INSTITUTE, WV (WOWK) — The US Methanol Plant in Institute is now up and running with 60 new, full-time employees.

The plant originally was located in Rio de Janeiro, Brazil, and all of its equipment was dismantled and shipped to the United States. The plant broke ground in Institute six years ago.

Now, the plant is fully constructed and exporting methanol throughout West Virginia, Ohio, Louisiana and Kentucky.

Methanol is used in the production of electronics, pharmaceuticals, plastics, construction products and more.

“We’re at almost full capacity,” US Methanol CEO Mike Walsh said. “We’ve been shipping product for the last five or six months to customers in West Virginia, in Kentucky, in Louisiana, so there’s a lot of activity now. We have our workforce fully hired and trained, so there’s a lot going on.”

Kanawha County community members, investors from the Czech Republic, Gov. Jim Justice (R-WV), Sen. Joe Manchin (D-WV) and others celebrated the Institute plant’s new success in production.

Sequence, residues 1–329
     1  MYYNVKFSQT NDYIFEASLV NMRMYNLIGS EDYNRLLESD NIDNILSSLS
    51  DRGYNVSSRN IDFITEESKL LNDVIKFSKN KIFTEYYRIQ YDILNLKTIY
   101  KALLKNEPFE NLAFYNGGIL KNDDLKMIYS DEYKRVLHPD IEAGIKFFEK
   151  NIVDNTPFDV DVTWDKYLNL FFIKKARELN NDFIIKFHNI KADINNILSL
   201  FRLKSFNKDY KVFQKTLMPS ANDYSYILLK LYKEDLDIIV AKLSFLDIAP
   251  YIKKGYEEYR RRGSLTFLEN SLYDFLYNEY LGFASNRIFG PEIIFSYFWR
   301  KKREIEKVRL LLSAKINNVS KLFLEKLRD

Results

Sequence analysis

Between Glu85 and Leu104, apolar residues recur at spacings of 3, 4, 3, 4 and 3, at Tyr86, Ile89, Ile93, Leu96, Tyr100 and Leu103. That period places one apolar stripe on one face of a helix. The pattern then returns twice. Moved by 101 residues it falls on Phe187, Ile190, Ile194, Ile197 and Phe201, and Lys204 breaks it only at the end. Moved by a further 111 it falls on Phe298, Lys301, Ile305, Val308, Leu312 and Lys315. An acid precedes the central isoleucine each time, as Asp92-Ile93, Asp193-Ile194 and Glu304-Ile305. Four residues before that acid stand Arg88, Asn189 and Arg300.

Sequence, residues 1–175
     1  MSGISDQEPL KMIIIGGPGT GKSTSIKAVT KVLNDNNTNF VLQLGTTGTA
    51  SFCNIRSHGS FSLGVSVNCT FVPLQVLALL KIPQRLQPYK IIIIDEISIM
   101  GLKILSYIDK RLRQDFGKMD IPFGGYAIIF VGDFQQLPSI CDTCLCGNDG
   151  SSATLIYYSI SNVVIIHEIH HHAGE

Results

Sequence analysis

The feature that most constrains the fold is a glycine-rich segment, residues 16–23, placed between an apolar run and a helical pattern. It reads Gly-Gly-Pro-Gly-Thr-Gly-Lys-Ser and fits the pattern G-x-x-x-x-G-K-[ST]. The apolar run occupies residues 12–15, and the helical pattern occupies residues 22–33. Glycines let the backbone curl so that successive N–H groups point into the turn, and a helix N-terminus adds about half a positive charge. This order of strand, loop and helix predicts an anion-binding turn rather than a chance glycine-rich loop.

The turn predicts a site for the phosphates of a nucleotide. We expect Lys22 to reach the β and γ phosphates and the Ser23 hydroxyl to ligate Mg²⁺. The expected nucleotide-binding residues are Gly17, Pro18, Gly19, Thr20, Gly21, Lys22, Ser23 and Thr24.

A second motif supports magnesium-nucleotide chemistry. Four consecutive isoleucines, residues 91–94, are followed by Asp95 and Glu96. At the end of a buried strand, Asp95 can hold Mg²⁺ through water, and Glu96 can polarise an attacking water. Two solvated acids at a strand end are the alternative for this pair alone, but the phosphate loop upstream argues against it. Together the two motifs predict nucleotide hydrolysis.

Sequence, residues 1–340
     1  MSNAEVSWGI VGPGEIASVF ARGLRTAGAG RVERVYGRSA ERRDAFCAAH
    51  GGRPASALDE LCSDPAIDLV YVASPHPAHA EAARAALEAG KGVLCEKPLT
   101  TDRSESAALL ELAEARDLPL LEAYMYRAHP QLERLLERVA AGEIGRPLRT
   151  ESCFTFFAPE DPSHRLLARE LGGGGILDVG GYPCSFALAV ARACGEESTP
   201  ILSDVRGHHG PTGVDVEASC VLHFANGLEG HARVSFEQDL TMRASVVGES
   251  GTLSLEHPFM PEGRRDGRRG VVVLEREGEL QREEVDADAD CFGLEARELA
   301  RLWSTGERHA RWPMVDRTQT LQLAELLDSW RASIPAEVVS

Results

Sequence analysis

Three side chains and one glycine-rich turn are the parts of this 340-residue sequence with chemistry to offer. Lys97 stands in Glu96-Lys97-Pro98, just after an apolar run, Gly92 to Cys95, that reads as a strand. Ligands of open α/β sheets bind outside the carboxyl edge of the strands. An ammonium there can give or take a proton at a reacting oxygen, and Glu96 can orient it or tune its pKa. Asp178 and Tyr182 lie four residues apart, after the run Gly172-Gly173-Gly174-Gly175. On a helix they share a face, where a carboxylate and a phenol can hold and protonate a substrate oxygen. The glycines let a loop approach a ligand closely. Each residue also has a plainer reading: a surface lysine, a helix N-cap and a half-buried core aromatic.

U.S. Representative Carol Miller (R-WV) said the increase in available jobs in West Virginia is an important benefit from the recent methanol production at the new US Methanol plant in Institute.

“I’m just really excited to be able to see the facility that’s been some time in the making. To come all the way from Brazil and be here. I’ve watched our state even flow economically job-wise, and I’m so thrilled we are on the upswing again: employing people, using our talents and moving forward,” Miller said.

Walsh said the company has faced several ups and downs over the last six years.

“It has been a challenge. We had starts and stops with some issues with the plant itself, but the team did a good job of redesigning and fixing those,” Walsh said.

Walsh said once COVID-19 hit and the global shutdown began, the US Methanol team was resilient and fought to finish construction on the new plant.

“That remarkable thing is once it was up and operating, it’s run really well. So, we’ve hired people that’ve done a nice job of figuring out how to deal with all those problems, and now we’re here and we’re operating, and we couldn’t be happier,” Walsh said.

Long term, Walsh said he hopes the plant’s production of methanol can reach new markets across the country.

“There’s been some pre-investment done already, so there’s some places where tie-ins have been made. Some of the equipment has actually been sized to be larger. So, we hope that we continue to grow and be profitable, and in the near future be announcing an expansion,” Walsh said.